U.S. stocks slid on Friday as investors booked profits in the wake of a recent surge, and bank shares dropped after several bank executives indicated March had been a tougher month than the previous two.

After the meeting with President Barack Obama, JPMorgan Chase & Co's Chief Executive Jamie Dimon said that March was a little tough in comments to CNBC.

Bank of America Corp's top executive added to the sour mood surrounding banks when he said the No. 1 U.S. bank's trading book lagged the two prior months in March.

Given that's kind of where this rally started in the second week of the month with Citigroup and Bank of America indicating they had a good first two months (of 2009), it would make sense that his comments would have a negative impact, said Peter Jankovskis, director of research at OakBrook Investments LLC in Lisle, Illinois.

Citigroup fell 6.1 percent to $2.64 while JPMorgan Chase shed 4.2 percent to $27.99. The KBW bank index <.BKX>, fell 2.1 percent on the day, but the index remains up nearly 58 percent from its March 6 low.

The Dow Jones industrial average <.DJI> dropped 128.07 points, or 1.62 percent, to 7,796.49. The Standard & Poor's 500 Index <.SPX> slid 13.11 points, or 1.57 percent, to 819.75. The Nasdaq Composite Index <.IXIC> fell 32.82 points, or 2.07 percent, to 1,554.18.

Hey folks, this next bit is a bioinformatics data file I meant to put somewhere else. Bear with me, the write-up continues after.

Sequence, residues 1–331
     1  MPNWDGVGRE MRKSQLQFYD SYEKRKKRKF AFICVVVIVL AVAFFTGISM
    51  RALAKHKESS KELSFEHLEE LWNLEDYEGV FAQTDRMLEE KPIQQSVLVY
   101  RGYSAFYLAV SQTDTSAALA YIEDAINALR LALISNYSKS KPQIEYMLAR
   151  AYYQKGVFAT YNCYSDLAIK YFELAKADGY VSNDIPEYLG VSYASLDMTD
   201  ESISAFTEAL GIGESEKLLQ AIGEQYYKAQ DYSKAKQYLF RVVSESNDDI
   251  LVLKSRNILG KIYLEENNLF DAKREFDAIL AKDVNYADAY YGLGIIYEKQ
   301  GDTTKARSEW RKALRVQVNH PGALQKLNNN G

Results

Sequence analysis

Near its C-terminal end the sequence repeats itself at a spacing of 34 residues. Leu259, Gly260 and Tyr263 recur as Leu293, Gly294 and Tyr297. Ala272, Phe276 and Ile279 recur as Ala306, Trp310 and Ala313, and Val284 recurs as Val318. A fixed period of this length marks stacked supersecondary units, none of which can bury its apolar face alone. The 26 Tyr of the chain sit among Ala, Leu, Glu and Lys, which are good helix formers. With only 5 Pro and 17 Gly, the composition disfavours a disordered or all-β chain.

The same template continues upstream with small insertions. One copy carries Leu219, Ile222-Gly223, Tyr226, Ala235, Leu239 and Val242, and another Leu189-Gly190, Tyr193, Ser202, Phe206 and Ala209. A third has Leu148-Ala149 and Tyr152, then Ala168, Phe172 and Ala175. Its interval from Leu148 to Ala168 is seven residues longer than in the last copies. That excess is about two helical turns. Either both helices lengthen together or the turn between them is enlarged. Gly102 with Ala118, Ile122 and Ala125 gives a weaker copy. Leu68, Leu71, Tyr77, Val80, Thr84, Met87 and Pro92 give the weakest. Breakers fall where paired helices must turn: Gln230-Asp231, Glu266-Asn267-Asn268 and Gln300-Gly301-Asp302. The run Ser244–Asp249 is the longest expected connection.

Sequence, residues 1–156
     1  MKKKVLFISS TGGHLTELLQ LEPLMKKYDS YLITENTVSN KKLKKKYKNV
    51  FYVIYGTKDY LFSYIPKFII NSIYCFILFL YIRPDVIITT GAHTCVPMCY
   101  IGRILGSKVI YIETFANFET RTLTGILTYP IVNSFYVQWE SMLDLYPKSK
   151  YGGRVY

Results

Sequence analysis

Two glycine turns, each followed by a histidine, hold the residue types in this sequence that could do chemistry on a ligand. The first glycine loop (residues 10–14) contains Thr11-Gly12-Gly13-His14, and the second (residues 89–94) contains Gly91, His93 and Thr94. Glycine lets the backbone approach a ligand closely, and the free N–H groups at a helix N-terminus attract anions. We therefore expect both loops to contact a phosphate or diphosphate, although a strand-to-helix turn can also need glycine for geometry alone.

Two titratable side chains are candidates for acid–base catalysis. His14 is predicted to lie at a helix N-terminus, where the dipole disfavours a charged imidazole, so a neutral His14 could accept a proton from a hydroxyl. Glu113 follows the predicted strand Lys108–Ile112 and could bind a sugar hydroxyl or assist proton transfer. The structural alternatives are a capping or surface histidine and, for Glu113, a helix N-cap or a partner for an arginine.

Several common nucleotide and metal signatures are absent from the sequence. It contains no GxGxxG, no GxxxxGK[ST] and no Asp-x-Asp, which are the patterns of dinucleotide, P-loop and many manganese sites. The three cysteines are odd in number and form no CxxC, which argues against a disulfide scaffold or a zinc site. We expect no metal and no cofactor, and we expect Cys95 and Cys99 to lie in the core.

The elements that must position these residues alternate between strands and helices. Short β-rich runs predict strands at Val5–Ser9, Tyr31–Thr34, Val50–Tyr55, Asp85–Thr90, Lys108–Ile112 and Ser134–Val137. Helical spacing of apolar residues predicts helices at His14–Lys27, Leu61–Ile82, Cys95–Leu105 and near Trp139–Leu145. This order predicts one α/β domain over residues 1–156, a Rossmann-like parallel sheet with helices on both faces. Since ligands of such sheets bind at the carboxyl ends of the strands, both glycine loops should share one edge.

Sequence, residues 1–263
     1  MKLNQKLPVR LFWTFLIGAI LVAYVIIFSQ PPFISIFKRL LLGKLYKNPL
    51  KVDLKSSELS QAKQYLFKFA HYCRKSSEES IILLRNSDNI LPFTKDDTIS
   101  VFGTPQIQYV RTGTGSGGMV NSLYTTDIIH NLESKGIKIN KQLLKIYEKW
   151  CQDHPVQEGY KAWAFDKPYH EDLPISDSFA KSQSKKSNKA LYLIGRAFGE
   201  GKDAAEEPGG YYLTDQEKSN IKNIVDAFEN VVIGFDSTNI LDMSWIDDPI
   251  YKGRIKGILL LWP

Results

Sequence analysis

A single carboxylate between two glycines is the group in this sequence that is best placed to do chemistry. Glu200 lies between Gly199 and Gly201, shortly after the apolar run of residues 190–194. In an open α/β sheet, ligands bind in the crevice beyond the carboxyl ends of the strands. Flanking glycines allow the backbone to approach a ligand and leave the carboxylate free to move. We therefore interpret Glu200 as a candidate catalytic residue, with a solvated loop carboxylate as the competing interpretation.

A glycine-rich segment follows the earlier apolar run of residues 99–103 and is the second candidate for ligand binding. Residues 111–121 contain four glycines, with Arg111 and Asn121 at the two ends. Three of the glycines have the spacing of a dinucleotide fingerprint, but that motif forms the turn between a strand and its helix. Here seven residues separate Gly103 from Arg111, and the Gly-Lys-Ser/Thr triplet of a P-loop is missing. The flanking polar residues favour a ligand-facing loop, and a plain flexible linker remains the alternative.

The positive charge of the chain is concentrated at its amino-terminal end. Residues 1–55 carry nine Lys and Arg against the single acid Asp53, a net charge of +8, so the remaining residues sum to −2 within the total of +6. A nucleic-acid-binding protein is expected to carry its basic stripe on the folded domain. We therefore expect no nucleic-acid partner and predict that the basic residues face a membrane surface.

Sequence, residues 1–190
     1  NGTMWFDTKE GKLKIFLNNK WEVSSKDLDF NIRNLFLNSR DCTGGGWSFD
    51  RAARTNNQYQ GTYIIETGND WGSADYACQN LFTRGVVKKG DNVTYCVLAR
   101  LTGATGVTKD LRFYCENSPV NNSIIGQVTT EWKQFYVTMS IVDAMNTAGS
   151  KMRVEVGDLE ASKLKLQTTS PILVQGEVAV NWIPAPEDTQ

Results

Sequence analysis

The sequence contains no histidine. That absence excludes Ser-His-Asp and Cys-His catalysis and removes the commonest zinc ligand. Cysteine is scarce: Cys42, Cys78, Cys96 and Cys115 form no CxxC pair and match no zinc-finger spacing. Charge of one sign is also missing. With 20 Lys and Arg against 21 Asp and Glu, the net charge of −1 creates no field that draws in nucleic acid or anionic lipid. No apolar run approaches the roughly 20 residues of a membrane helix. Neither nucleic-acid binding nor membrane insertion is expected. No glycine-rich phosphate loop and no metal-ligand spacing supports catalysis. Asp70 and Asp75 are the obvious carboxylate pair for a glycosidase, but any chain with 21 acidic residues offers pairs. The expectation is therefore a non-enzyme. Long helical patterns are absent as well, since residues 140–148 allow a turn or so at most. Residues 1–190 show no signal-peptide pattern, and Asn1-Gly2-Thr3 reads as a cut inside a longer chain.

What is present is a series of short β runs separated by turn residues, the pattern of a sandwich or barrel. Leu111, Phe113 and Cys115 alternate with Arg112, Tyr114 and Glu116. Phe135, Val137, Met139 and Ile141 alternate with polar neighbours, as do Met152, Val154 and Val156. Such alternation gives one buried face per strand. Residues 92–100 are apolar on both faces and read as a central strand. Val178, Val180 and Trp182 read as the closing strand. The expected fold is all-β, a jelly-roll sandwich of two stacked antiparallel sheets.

Tumbling oil prices sank energy shares as well, putting Exxon Mobil and Chevron among the Dow's top drags.

Aside from another rush of bad banking news, traders pointed to profit-taking as another key factor for the pullback.

The recent rally has taken the broad S&P 500 index up more than 20 percent since it hit a 12-year low on March 9, although it is off nearly 10 percent for the year so far.

Exxon Mobil and Chevron fell nearly 2 percent as U.S. crude futures fell 3.6 percent to $52.36 per barrel amid economic concerns and a stronger U.S. dollar, after closing at a four-month high on Thursday.

Stocks had rallied amid increasing optimism that the worst of the current downturn might be over as well as government action geared at stabilizing the ailing financial system.

Heading into the day's session, the S&P 500 was at its most overbought position since May 2008, according to its 50-day relative strength index.

Gains on Thursday had helped push the Nasdaq back into positive territory in the year-to-date, but a decline in big-cap technology shares pulled the index back in the red on Friday.

Shares of Intel dropped 2.5 percent to $15.43 after the chipmaker said it might issue up to $1 billion in stock. Other standout decliners were Apple , down 2.7 percent to $106.88, and Microsoft , down 2.9 percent to $18.29.

IBM , up 11.3 percent this year, was the top drag in the Dow industrials, falling 5.4 percent to $93.49.

A drop in commodities prices weighed on stocks in the materials sector, and aluminum producer Alcoa fell 3.8 percent to $7.80. The Reuters-Jefferies CRB index of commodities <.CRB> shed 2.31 percent.

General Motors was a bright spot, up 5.9 percent to $3.61 a day after Obama said a plan to help the struggling U.S. auto industry would be unveiled soon, and after news GM's German unit, Opel, forecast what could be the best quarterly results in a decade.